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ACRE Director Talks Property Rights Protection at State Capitol

By Caleb Taylor

How much cash and property was seized by law enforcement in Arkansas since 2010?

ACRE Director and UCA Associate Professor of Economics Dr. David Mitchell explained how often and how much property was taken through civil asset forfeiture since 2010 at a state Senate Judiciary Committee meeting at 1 p.m. Friday, December 18 at Room A in the MAC Building at the State Capitol.

Mitchell Testimony

Mitchell testified Arkansas has averaged about 1400 seizures per year, or about four per a day, since 2010.

 Mitchell said:

It is something that happens all the time. It’s not a rare occurrence. It happens all the time.”

Mitchell testified that over $68 million in currency has been seized by law enforcement since 2010. That’s about $75 million if numbers are adjusted for inflation to 2020 dollars.

Mitchell said:


Most of the currency seizures are relatively small amounts. Almost half of the currency seizures are under $1,000. The median is $1,045.”

The following chart shows the size of currency seizures, illustrating that they are mostly small amounts. 

Prosecutor Responds

Act 476 of 2019 replaced civil asset forfeiture with a criminal procedure with some big exceptions. The law prohibits the state from seizing cash or property without a conviction first unless an exception applies. These include:

  • being granted immunity or reduced punishment in exchange for testifying or assisting a law enforcement agency or prosecution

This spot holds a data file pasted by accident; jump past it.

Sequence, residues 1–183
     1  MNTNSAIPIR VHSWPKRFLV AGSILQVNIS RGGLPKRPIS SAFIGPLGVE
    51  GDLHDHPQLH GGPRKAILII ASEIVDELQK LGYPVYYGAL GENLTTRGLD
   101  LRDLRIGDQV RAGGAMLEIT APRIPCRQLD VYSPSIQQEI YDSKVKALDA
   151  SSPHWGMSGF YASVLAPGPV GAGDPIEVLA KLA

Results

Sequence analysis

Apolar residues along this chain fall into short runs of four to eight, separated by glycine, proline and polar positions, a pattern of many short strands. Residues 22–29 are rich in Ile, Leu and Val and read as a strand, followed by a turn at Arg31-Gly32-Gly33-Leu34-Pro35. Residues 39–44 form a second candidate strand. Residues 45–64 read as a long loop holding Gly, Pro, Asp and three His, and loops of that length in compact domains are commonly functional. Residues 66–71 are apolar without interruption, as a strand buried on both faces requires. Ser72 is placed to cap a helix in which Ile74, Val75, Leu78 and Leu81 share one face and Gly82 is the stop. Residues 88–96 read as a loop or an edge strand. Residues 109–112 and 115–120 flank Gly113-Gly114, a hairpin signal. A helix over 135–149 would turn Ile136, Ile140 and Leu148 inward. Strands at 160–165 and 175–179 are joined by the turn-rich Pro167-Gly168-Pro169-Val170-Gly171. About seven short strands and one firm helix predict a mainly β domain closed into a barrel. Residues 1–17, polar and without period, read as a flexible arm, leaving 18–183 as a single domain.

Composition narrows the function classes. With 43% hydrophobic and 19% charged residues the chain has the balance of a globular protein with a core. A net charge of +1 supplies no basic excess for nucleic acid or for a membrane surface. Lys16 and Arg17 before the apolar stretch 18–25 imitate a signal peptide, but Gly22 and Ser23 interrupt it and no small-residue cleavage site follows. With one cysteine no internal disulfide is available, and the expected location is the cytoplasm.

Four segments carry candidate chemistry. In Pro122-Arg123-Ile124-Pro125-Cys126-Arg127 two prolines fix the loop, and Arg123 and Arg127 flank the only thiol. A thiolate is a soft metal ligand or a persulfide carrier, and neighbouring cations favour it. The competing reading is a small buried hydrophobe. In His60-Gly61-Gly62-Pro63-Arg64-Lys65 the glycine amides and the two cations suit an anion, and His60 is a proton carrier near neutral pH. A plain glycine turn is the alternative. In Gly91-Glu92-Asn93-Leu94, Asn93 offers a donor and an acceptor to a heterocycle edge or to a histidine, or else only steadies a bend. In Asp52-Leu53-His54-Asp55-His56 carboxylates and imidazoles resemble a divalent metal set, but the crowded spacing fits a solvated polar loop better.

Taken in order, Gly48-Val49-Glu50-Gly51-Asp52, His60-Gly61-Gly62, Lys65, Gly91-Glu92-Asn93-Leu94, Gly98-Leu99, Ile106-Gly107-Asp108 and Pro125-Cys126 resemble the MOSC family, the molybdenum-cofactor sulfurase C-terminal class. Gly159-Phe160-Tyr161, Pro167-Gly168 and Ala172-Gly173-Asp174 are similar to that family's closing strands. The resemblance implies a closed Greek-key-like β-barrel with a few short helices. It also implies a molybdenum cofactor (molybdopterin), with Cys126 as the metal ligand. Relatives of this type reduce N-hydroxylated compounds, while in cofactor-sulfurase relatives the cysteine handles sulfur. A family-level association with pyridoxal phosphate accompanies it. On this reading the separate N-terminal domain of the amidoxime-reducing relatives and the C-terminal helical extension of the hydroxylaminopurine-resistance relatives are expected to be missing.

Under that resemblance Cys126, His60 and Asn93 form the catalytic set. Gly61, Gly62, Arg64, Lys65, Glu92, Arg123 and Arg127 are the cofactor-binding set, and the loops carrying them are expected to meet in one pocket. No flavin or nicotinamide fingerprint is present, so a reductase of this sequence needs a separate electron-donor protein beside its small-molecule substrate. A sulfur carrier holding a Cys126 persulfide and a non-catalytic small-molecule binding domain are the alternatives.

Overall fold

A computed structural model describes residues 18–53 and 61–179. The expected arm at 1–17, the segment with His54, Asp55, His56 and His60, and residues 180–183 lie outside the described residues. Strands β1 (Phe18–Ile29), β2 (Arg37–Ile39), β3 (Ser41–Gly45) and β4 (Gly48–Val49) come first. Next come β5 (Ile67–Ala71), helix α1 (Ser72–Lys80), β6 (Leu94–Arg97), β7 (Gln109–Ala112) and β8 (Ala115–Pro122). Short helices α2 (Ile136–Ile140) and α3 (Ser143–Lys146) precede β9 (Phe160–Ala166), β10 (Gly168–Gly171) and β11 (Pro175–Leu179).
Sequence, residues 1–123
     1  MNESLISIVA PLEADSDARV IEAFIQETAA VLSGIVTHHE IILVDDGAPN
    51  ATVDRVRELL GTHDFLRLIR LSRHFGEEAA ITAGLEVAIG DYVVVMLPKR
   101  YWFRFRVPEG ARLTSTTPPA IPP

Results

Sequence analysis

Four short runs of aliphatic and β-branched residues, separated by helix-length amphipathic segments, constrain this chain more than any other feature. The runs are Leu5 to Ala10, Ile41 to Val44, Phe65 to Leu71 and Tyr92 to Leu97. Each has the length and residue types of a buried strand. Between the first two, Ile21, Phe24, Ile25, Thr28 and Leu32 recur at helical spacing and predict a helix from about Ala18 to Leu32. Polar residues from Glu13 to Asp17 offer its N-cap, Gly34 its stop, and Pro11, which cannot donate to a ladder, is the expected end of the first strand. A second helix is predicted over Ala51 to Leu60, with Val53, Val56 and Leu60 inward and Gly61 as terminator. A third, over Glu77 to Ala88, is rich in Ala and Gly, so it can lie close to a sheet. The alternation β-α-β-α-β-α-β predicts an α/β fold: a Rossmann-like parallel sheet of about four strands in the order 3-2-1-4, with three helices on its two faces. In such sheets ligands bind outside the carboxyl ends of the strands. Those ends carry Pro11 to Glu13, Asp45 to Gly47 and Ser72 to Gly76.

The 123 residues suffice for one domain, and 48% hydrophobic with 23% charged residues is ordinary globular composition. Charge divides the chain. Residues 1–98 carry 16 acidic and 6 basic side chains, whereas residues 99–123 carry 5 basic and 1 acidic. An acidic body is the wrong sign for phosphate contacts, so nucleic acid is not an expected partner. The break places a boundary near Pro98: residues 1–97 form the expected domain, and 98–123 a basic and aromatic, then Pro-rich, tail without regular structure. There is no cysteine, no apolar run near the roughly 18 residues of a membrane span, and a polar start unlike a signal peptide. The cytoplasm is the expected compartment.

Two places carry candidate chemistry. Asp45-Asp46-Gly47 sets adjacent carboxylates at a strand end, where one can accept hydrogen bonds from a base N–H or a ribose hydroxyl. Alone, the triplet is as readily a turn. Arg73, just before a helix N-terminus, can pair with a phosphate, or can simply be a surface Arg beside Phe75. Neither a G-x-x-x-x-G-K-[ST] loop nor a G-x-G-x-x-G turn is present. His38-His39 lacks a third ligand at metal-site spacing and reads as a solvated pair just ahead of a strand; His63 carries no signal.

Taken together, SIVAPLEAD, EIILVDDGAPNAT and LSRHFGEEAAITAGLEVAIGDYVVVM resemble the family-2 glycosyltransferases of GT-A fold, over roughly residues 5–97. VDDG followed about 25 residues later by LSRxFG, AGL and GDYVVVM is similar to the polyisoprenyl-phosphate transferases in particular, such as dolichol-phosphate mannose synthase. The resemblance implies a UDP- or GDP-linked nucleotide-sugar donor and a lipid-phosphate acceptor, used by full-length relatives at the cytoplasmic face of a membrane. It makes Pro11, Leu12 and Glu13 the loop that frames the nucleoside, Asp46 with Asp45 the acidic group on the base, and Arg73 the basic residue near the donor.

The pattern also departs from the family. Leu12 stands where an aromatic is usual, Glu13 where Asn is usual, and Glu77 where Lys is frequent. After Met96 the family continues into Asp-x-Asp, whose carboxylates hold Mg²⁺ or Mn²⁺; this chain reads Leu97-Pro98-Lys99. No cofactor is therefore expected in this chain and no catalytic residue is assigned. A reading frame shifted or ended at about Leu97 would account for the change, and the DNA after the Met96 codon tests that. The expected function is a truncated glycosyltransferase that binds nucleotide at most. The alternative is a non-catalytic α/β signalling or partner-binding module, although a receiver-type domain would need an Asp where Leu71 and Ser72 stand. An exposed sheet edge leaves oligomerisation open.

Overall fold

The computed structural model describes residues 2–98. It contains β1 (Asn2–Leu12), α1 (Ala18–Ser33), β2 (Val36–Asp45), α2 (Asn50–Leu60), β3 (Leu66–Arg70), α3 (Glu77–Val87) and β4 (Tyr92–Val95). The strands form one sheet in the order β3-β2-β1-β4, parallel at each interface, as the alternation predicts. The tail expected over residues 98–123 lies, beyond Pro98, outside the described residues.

• fleeing or failing to appear in court
  • abandoned or disclaimed ownership in the seized property
  • agreed in writing with the prosecuting attorney to give up the property

The law was signed by Gov. Asa Hutchinson on March 15, 2019. It was sponsored by State Senator Bart Hester R-District 1 and State Representative Austin McCollum R-District 95. It passed unanimously in the Senate and with 93 votes in favor in the House with 7 not voting

ACRE Affiliated Researcher and Bowen School of Law student Aaron Newell discussed the reform in an op-ed entitled “Still too weak” in the Arkansas Democrat-Gazette on June 20, 2019.

Bob McMahan, Prosecutor Coordinator for the Office of the Prosecutor Coordinator, discussed Act 746 and why civil asset forfeiture is an “important tool” for prosecutors and law enforcement.

McMahan said:

The prosecutors actually assisted in the drafting of that specific piece of legislation to address at the time one of the most important concerns of the legislature to make sure that there was a conviction prior to forfeiture. We not only endorsed that, we assisted in the drafting of that. Forfeiture is an important tool for prosecutors and law enforcement. These are assets that are taken in conjunction or used with a crime. It’s a way to dismantle drug operations. It’s certainly a way to get after drug dealers by taking property.”

Sylvester Smith Testimony

Sylvester Smith, a defense attorney and President of Change Agents Inc., explained how civil asset forfeiture was used on the property of one of his clients, Patricia Tackett, in Hot Springs and asked for the legislature to consider certain changes to the law in order to make it easier for “innocent people” to reclaim property seized by law enforcement. 

Smith said:

I think civil forfeiture is a legit tool for prosecutors to use to stop these illicit enterprises of various natures. However, the system needs to be fixed because innocent people are getting caught up in it.”

Smith suggested changing current law which requires an owner to prove they had no “knowledge or consent” of their property being used by someone to commit a crime in order to reclaim said property from law enforcement. Smith said he’d like “knowledge or consent” to be changed to “knowledge and consent” to further protect innocent property owners. 

A copy of the data and graphs he used in his presentation to committee members can be viewed here. You can watch the meeting here (Mitchell’s presentation begins at 1:42:27 p.m.).